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December 07, 2012

Noah Berlatsky on Gerard Butler, Playing for Keeps, and the lack of an analytical framework for attacking toxic views of masculinity

Berlatsky is one of those writers that I eat up like catnip. Cats eat catnip, right? I'm not a cat guy. Don't Let Gerard Butler Fool You: Fatherhood Isn't About Being Sexy - Noah Berlatsky - The Atlantic
That is sort of the issue. Feminism has given women a way to deconstruct idealized images on screen, to understand the media's manipulation of bodies, desire, and jealousy as both political and aggressive. Men, though, haven't developed the same analytical resources. You hear about how Bella Swan in Twilight is a bad role model for girls, or how Julia Roberts in Pretty Women is a bad image for women. But men on screen are rarely seen as bad role models, or good role models. They're just more or less attractive fantasies. If you as a man find James Bond oppressive—well, that just shows what kind of man you are. Or, rather, aren't. You can tell what kind of man I am, then, by the fact that I identified in the film not with that scamp George, but with Stacie's clean-shaven, nice-guy goober second-husband-to-be, Matt (James Tupper). Rooting for Matt isn't easy; the film gives him no abs to speak of, no soccer skills, and the personality of a stump. Stacie tells George at one point that Matt makes her laugh, but we never see him do so—nor do we ever see Matt interacting in any but the most perfunctory way with Lewis. Matt's not world-famous. He keeps his dick in his pants. He involves himself in the day-to-day tasks of raising a child. Ergo, he's boring and no one could possibly care about him. Let's go watch George do something sexily irresponsible again! The movie does flirt with the idea of having George suffer some sort of consequences for his years of neglect and priapism. But that's just the standard rom-com tease. He's in the title role, he's got that wounded smile—how can he lose? In one of his final lines of the film, George says he's learned the importance of being there—but Matt was there, too, and more often—and, really, could probably be expected to be there more responsibly and consistently in the future as well. George's charm isn't that he's there. It's his athleticism and his good looks and arguably most of all his faithlessness. If fidelity and responsibility were what mattered, Matt would get the happy ending. But he hardly ever does. Every so often you'll get some sweet guy hero like Lloyd in Say Anything. But more often you're presented with supposedly charming fixer-upers, from Han Solo to Richard Gere in Pretty Woman to Eddie Murphy in Boomerang to, again, that ongoing archetype of rakishness James Bond. It's as if the folks who make movies think that even Matt wants to be George—so much so that the faithful goober will cheer for the star even as said star is pissing on him from a great height. So, on behalf of all the Matts out there, let me take a moment to piss back.

The Year in Hate-Watching

As in, watching TV you hate just for the pleasure of hating it. I don't have time for this kind of shenanigans, but I like reading about other people hate-watching things. The Year in Hate-Watching -- Vulture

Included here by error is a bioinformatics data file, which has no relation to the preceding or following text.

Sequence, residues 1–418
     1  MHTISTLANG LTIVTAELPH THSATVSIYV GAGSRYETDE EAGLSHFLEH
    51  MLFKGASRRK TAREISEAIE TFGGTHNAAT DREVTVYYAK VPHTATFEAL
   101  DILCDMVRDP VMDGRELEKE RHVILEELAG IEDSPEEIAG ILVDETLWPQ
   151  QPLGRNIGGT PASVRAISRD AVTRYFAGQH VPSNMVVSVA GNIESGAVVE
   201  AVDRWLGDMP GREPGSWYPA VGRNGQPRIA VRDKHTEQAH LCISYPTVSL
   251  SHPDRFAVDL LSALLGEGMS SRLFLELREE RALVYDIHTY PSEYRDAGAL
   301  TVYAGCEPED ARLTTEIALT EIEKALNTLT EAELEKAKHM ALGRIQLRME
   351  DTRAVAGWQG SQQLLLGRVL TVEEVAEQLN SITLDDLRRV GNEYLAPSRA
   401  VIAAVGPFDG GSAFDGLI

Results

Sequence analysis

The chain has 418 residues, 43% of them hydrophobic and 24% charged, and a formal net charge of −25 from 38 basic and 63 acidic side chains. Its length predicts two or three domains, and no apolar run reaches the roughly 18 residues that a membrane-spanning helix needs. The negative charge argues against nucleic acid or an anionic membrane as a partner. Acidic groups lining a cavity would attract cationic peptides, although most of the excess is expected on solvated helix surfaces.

The Newsroom Was it really that bad? Yes. Oh God, yes. Come for the jingoism, stay for the misogyny. Who was the most fun to loathe? It was actually not that fun to loathe any of these people, because within every terrible jerk bag (Don, you suck) is the hint of a previous and beloved Aaron Sorkin character. Sure, Maggie Jordan is incompetent and seemingly unfamiliar with the concept of human kindness, but … doesn't she remind you a little of Donna from West Wing? Oh, Sam Waterston's voice sounds weird and he curses constantly, but isn't he a little bit like Isaac from Sports Night? Is the hate-watch going to turn into a regular watch? One would hope. We want to love this show the way we loved Sports Night and West Wing, not the way we "loved" Studio 60.

December 06, 2012

Trailer: Star Trek Into Darkness

Starring Sherlock Holmes as Growly McVoiceover, the one man killing machine.

November 30, 2012

Stephen King's Under the Dome coming to tv this Summer

I really loved the book which felt largely like powering through an entire season of a particularly good tv show in terms of its pacing. It's a natural fit for tv. No surprise there. In good news Brian K Vaughn is attached as a writer and producer. Vaughn has done great work in comics and breathed a lot of new life into LOST when he joined up. Stephen King’s Under The Dome Coming to CBS - GalleyCat
“UNDER THE DOME is the story of a small New England town that is suddenly and inexplicably sealed off from the rest of the world by an enormous transparent dome. The town’s inhabitants must deal with surviving the post-apocalyptic conditions while searching for answers to what this barrier is, where it came from and if and when it will go away.”

November 12, 2012

Bits of 22 James Bond movies, edited together to form a new coherent narrative

Because nothing is as formulaic as Bond. Scenes from every James Bond film edited together to form a single coherent movie